Availability of data and materials
The datasets used and/or analysed during the current study are available from the corresponding author on reasonable request.
Amyotrophic lateral sclerosis
Familial amyotrophic lateral sclerosis
Long interspersed element-1
Methyl binding domain
Open reading frame
Non long terminal repeat
Sporadic amyotrophic lateral sclerosis
Target site duplication
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The authors would like to acknowledge the UK MNDA DNA bank, London Neurodegenerative Diseases Brain Bank and the Sheffield Brain Tissue bank for use of DNA samples and to acknowledge the use of the Chadwick HPC server at the University of Liverpool. The London Neurodegenerative Diseases Brain Bank, King’s College London is supported by the MRC and Brains for Dementia Research. The ethics reference is 18/WA/0206 REC for Wales 3. The authors acknowledge the Project MinE consortium for access to the whole genome sequencing data and the use of the research computing facility at King’s College London, Rosalind (https://rosalind.kcl.ac.uk), which is delivered in partnership with the National Institute for Health Research (NIHR) Biomedical Research Centres at South London & Maudsley and Guy’s & St. Thomas’ NHS Foundation Trusts, and part-funded by capital equipment grants from the Maudsley Charity (award 980) and Guy’s & St. Thomas’ Charity (TR130505). The views expressed are those of the author(s) and not necessarily those of the NHS, the NIHR, King’s College London, or the Department of Health and Social Care. Sequence data used in this research were in part obtained from the UK National DNA Bank for MND Research, funded by the MND Association and the Wellcome Trust. We would like to thank people with MND and their families for their participation in this project. We acknowledge sample management undertaken by Biobanking Solutions funded by the Medical Research Council at the Centre for Integrated Genomic Medical Research, University of Manchester.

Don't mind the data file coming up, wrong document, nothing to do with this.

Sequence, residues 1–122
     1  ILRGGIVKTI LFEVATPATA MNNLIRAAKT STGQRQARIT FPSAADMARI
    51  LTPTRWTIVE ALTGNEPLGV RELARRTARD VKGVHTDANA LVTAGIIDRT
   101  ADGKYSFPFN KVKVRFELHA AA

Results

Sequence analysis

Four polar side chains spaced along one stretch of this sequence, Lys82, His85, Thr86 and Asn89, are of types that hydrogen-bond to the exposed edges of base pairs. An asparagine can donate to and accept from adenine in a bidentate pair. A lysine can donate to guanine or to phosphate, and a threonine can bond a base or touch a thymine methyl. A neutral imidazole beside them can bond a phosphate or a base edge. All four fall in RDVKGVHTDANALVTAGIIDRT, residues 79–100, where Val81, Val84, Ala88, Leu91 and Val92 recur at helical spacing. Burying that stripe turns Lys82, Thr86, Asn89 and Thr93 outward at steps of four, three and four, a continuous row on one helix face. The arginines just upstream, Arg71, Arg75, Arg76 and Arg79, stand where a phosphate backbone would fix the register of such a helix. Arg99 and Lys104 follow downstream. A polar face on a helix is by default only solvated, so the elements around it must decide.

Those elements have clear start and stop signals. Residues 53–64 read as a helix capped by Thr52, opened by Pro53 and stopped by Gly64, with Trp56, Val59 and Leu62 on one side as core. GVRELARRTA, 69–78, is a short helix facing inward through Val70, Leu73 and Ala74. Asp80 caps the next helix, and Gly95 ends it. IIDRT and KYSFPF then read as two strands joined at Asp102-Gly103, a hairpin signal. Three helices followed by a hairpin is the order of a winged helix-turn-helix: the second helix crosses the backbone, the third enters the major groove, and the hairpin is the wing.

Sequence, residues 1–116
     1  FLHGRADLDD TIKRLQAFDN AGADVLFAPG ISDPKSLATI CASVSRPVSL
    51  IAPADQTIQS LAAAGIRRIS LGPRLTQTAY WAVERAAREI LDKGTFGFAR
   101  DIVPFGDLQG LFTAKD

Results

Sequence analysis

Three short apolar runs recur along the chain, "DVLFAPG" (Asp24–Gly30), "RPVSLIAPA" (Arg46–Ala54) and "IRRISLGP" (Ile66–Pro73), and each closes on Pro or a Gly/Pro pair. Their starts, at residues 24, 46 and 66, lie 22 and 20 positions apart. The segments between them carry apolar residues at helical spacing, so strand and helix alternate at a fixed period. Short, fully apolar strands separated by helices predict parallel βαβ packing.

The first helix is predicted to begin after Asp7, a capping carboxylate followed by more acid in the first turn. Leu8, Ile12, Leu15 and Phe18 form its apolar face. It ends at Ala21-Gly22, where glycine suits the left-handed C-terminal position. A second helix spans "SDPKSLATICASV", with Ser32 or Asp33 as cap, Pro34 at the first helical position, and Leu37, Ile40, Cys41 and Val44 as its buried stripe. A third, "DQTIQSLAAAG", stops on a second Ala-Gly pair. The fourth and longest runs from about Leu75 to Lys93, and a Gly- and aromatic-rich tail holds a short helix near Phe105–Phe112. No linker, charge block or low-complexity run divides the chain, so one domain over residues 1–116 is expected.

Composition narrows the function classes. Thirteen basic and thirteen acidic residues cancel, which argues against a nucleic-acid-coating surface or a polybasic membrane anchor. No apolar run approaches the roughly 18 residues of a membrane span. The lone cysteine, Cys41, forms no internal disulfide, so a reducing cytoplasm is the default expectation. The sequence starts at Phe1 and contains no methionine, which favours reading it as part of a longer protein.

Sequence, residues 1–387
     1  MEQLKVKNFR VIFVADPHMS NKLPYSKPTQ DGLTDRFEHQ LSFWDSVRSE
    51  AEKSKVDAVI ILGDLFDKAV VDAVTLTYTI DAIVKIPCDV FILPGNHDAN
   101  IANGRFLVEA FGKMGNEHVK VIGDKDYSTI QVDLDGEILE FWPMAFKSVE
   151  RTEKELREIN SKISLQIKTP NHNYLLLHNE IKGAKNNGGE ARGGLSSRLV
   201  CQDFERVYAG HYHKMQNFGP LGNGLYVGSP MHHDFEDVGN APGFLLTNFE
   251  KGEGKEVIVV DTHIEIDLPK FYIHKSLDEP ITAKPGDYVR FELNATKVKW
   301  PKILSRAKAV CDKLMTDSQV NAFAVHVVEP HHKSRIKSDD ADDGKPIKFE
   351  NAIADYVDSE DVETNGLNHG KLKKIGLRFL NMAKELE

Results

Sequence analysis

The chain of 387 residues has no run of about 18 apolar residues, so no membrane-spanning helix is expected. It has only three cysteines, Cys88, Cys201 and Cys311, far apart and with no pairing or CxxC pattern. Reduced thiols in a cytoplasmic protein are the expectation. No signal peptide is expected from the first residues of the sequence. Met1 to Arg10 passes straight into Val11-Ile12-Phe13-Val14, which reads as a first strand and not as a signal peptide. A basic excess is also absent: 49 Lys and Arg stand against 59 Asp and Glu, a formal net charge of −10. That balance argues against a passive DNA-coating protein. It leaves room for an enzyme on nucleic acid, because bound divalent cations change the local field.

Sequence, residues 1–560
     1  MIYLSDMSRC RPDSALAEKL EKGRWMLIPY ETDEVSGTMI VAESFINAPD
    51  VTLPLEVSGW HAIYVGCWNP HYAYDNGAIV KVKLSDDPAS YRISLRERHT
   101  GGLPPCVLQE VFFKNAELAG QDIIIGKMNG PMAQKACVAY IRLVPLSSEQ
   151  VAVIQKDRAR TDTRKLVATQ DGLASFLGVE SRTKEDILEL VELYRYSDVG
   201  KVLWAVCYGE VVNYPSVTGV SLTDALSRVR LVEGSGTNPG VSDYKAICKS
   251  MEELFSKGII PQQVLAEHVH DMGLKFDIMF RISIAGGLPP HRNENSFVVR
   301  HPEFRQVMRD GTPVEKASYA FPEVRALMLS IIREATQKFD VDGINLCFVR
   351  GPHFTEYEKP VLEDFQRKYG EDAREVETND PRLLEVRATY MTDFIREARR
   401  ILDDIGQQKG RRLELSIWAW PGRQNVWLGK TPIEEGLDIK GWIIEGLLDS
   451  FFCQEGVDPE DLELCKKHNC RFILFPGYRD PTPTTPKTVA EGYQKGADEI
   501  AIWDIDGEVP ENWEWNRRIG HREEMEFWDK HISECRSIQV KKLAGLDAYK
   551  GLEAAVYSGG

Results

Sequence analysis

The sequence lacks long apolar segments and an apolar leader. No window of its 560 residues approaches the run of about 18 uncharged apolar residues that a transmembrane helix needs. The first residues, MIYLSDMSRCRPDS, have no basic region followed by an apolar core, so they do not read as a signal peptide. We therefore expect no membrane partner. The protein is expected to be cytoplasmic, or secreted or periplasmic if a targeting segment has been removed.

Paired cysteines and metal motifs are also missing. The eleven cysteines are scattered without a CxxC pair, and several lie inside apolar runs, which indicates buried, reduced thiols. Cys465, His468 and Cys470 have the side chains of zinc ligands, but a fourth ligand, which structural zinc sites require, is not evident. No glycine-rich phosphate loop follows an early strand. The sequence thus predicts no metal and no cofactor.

This work was funded by the MNDA, grant number: 41/523. ALS, JPQ, GGS, VJB and AAC are funded by the Motor Neurone Disease Association and JPQ by the Andrzej Wlodarski Memorial Research Fund. AIL is funded by the Wellcome Trust PhD programme. AI Is funded by the National Institute for Health Research (NIHR) Biomedical Research Centre at South London and Maudsley NHS Foundation Trust and King’s College London. BS is funded by a Van Geest and Medical Research Foundation (MRF) Fellowship. This is in part an EU Joint Programme—Neurodegenerative Disease Research (JPND) project. The project is supported through the following funding organisations under the aegis of JPND—www.jpnd.eu(United Kingdom, Medical Research Council (MR/L501529/1; MR/R024804/1) and Economic and Social Research Council (ES/L008238/1)). This study represents independent research part funded by the National Institute for Health Research (NIHR) Biomedical Research Centre at South London and Maudsley NHS Foundation Trust and King’s College London.
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The ethics reference for the London Neurodegenerative Diseases Brain Bank, King’s College London is 18/WA/0206 REC.
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Details of samples used in methylation analysis of RC-L1s.
Primer sequences used to amplify empty site and 5′ junction of RC-L1 loci and SNRPN locus.
Example gel images of 5’ junction amplification of RC-L1s in unmethylated and methylated fraction of gDNA.
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Savage, A.L., Lopez, A.I., Iacoangeli, A. et al. Frequency and methylation status of selected retrotransposition competent L1 loci in amyotrophic lateral sclerosis. Mol Brain 13, 154 (2020). https://doi.org/10.1186/s13041-020-00694-2
- Amyotrophic lateral sclerosis
- Retrotransposition competent